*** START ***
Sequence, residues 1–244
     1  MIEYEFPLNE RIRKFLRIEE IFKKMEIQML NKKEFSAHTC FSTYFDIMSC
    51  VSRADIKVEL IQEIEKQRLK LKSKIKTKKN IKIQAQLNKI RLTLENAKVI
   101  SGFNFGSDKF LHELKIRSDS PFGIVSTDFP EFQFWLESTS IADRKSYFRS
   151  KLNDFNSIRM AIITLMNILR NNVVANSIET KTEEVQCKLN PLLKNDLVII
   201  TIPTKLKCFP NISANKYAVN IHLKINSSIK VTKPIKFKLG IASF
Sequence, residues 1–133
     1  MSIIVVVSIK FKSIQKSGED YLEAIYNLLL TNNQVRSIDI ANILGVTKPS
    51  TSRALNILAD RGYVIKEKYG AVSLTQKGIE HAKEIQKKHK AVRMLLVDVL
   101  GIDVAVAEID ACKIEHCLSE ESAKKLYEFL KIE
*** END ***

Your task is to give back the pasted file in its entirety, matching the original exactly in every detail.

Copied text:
Sequence, residues 1–244
     1  MIEYEFPLNE RIRKFLRIEE IFKKMEIQML NKKEFSAHTC FSTYFDIMSC
    51  VSRADIKVEL IQEIEKQRLK LKSKIKTKKN IKIQAQLNKI RLTLENAKVI
   101  SGFNFGSDKF LHELKIRSDS PFGIVSTDFP EFQFWLESTS IADRKSYFRS
   151  KLNDFNSIRM AIITLMNILR NNVVANSIET KTEEVQCKLN PLLKNDLVII
   201  TIPTKLKCFP NISANKYAVN IHLKINSSIK VTKPIKFKLG IASF
Sequence, residues 1–133
     1  MSIIVVVSIK FKSIQKSGED YLEAIYNLLL TNNQVRSIDI ANILGVTKPS
    51  TSRALNILAD RGYVIKEKYG AVSLTQKGIE HAKEIQKKHK AVRMLLVDVL
   101  GIDVAVAEID ACKIEHCLSE ESAKKLYEFL KIE